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From hopeful +‎ -ly. The use as a sentence adverb first gained currency in the United States and has been explained as a possible calque of German hoffentlich.[1]





hopefully (comparative more hopefully, superlative most hopefully)

  1. In a hopeful manner. [from 17th c.]
    • 1993, Alasdair Gray, “You”, in Ten Tales Tall and True:
      ‘In fifteen minutes I will be at the carpark, sitting hopefully inside a puce Reliant Scimitar.’
  2. (not comparable) It is hoped that; I hope; we hope. [from 18th c.]
    Hopefully, my father will arrive in time for the show.
    She was buried with her mom and hopefully they are together now.

Usage notes


The second definition (“I hope that”, used as a sentence adverb) has been criticized by some usage writers although it is by far the most commonly used sense of the word. Many adverbs are used as sentence modifiers with somewhat less frequent objection such as interestingly, frankly, clearly, luckily, and unfortunately. Unlike for many such shifts in meaning that occur in English, the portion of the American Heritage Dictionary's Usage Panel that condones the second sense of the word has decreased from 1969 to 2000, offering the explanation that this particular usage has become a shibboleth.[2][3] Merriam-Webster, on the other hand, calls the usage "entirely standard", and notes that it has been used since the early 18th century, having been commonly used in American English since the 1930s, and gained significant popularity in the 1960s.[4]

The dispute over the use of sentence adverbs is born largely of the fact that in using an existing adverb to apply to not only one verb but a whole sentence, the meaning of the word is altered, which, in certain situations, can lead to ambiguity. For example, Hopefully, he will save money for the deposit on a new house can mean either that it is hoped that he will save the money (in which hopefully is a sentence adverb modifying the entire sentence) or that he is saving money in a hopeful manner (in which hopefully modifies will save). Sentence adverbs have played a part in English since the 17th century but have been limited largely to use wherein they retain their original definition (e.g. probably). It was not until the 20th century that they began to be used in other situations.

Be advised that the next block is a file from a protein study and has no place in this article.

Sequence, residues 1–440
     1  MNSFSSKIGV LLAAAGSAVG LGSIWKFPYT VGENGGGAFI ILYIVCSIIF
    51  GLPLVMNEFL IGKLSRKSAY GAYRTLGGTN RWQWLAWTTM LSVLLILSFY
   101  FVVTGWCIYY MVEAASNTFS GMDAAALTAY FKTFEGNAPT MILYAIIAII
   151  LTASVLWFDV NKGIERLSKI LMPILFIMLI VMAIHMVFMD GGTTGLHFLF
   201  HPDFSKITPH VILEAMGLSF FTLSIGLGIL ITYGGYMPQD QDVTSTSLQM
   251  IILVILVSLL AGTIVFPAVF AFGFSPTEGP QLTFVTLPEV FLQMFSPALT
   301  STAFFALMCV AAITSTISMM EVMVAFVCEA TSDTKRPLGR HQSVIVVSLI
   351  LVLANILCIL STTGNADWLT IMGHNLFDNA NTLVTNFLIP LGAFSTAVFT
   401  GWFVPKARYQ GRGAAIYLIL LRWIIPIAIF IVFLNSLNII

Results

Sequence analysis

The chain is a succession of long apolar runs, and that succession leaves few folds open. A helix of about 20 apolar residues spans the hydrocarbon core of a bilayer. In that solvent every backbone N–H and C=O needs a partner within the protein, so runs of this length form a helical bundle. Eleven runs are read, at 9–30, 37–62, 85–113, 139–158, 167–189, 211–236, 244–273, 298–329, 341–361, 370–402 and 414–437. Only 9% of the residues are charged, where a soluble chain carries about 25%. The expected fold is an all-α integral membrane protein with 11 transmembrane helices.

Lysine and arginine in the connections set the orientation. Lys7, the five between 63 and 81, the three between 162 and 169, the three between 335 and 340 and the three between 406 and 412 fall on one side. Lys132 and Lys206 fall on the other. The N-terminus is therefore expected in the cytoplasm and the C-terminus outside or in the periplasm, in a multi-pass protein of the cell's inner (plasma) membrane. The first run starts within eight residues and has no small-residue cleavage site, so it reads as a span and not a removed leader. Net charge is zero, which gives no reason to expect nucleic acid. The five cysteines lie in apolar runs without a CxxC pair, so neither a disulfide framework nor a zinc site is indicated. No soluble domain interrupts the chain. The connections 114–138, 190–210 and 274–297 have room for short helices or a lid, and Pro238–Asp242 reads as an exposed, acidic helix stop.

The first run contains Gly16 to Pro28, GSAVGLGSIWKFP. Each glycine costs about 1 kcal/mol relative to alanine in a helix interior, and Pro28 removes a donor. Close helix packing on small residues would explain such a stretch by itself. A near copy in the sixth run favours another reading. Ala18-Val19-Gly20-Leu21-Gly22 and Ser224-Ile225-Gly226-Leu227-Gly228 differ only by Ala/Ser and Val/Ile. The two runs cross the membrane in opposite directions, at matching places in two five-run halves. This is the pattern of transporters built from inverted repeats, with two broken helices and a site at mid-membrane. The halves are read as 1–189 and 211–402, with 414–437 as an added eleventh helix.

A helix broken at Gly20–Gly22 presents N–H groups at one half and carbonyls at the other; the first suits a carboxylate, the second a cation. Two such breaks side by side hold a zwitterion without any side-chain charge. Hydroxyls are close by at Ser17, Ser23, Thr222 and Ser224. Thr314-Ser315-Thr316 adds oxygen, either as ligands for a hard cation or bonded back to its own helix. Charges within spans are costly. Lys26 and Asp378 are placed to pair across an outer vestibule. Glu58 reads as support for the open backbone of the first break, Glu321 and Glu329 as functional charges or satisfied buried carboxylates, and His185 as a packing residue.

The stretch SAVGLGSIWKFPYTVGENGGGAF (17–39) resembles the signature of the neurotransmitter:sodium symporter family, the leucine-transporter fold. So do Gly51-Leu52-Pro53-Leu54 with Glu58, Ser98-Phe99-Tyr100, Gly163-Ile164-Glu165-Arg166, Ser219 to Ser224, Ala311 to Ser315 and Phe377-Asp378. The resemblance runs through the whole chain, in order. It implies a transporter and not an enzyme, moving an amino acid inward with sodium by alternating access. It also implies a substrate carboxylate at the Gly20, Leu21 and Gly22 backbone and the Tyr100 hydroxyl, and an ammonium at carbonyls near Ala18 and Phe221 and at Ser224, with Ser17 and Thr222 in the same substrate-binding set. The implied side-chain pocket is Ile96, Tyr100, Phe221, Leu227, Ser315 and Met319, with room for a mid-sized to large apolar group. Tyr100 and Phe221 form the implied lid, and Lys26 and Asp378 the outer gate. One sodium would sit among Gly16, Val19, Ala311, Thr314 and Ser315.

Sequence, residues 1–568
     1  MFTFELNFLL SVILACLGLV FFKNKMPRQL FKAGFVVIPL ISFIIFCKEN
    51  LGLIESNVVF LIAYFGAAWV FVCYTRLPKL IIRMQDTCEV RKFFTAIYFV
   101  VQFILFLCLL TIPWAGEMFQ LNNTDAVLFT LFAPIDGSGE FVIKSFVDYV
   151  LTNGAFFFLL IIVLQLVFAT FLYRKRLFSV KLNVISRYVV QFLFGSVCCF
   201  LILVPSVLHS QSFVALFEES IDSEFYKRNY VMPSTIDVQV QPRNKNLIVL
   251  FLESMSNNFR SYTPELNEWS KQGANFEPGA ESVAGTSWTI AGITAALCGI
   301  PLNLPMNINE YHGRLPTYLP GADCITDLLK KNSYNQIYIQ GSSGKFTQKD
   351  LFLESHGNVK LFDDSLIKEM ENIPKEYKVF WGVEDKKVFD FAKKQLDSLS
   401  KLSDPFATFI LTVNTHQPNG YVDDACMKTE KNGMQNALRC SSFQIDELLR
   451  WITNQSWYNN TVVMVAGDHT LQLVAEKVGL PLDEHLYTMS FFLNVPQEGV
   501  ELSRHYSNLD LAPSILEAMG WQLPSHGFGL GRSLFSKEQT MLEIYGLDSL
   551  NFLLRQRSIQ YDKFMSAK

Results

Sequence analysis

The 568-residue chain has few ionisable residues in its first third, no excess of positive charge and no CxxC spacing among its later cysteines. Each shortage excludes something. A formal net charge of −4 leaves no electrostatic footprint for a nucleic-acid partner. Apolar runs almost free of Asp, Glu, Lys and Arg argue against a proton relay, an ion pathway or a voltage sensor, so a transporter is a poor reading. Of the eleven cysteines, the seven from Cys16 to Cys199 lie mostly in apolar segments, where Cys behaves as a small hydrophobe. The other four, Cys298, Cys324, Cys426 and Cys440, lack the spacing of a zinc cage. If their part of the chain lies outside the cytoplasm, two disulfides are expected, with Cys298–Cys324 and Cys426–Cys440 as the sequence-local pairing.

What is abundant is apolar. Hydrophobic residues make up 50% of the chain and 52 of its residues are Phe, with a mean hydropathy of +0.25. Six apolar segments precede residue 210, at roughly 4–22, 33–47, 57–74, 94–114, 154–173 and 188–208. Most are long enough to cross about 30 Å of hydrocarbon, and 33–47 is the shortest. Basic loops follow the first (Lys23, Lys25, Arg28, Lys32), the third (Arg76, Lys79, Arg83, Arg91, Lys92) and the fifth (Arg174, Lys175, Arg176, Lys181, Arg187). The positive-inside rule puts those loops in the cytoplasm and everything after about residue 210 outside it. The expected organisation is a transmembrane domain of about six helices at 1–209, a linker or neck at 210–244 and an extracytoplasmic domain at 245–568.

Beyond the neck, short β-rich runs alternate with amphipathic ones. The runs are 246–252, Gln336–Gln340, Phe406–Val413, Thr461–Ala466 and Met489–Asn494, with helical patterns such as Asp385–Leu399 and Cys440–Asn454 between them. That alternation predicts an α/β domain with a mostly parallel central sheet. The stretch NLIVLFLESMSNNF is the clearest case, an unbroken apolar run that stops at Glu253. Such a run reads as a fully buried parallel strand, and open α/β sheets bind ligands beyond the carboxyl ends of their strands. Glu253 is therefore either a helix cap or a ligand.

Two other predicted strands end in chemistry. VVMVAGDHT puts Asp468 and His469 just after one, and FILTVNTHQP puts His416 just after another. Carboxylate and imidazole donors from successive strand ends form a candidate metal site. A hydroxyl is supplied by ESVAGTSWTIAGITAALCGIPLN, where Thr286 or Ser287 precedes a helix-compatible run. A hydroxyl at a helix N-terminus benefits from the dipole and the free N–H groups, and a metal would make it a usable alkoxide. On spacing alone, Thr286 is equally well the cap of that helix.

“[T]here is no precise substitute,” says the American Heritage Dictionary. “Someone who says Hopefully, the treaty will be ratified makes a hopeful prediction about the fate of the treaty, whereas someone who says I hope (or We hope or It is hoped) the treaty will be ratified expresses a bald statement about what is desired. Only the latter could be continued with a clause such as but it isn’t likely.”[2] Hopefully is also less personal than I hope or we hope. It is hoped that and if hopes are realized would be impersonal and have been suggested as alternatives to hopefully,[5] but using hopefully is more concise.

Compare to the usage of regretfully, which does have the substitute regrettably. In fact, hopeably has been proposed as an alternative, but it has not caught on.

Derived terms





  1. ^ Locher, Miriam A.; Strässler, Jürg. 2008. Standards and norms in the English language. New York: De Gruyer. Page 25.
  2. 2.0 2.1 “hopefully”, in The American Heritage Dictionary of the English Language, 4th edition, Boston, Mass.: Houghton Mifflin, 2000, →ISBN.
  3. ^ See also M. Stanley Whitley, "Hopefully: A Shibboleth in the English Adverb System", American Speech, (58) 2 (Summer 1983), pp. 126–49 [1]
  4. ^ "Hopefully" in Merriam-Webster
  5. ^ Theodore Menline Bernstein. The Careful Writer: A Modern Guide to English Usage. Page 216. 1995.